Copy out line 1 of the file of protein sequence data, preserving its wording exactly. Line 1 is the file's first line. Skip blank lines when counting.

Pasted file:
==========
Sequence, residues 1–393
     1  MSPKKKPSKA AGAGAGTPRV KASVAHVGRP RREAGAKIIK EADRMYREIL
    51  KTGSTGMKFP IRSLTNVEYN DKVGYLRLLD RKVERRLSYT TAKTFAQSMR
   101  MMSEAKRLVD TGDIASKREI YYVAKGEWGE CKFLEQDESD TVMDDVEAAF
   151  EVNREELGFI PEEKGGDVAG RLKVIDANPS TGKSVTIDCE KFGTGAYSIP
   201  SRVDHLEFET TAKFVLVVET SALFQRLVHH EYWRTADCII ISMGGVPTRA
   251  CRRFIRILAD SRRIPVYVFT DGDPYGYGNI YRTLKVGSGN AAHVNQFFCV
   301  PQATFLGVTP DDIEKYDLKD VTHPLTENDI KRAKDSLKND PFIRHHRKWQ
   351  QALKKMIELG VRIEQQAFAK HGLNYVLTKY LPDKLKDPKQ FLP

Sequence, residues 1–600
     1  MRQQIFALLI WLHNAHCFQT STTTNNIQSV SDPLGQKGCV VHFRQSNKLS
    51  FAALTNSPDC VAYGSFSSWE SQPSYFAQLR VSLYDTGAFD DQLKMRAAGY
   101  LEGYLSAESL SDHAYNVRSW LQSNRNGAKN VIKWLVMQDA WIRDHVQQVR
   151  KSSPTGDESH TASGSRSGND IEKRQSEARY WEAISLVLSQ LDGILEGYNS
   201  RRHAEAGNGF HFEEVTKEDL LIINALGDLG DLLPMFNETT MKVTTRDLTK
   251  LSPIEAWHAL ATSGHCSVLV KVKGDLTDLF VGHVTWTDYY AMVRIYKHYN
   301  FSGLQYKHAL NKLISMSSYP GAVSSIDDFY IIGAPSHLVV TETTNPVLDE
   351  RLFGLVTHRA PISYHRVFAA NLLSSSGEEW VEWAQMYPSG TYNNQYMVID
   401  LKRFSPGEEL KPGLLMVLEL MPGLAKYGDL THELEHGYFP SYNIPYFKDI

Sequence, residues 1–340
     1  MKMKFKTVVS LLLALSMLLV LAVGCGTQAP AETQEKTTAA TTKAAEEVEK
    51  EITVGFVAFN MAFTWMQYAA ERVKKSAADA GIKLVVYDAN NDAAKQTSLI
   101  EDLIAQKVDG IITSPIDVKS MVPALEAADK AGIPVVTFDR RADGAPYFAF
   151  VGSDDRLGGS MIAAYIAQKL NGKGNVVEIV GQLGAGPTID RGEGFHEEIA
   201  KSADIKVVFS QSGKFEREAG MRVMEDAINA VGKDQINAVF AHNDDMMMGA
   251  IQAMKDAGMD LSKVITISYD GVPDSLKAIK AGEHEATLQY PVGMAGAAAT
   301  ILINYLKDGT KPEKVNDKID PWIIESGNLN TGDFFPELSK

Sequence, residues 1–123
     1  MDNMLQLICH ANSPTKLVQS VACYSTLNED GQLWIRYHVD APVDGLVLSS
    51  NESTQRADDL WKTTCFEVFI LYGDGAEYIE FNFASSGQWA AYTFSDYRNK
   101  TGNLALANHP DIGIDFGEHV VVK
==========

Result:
Sequence, residues 1–393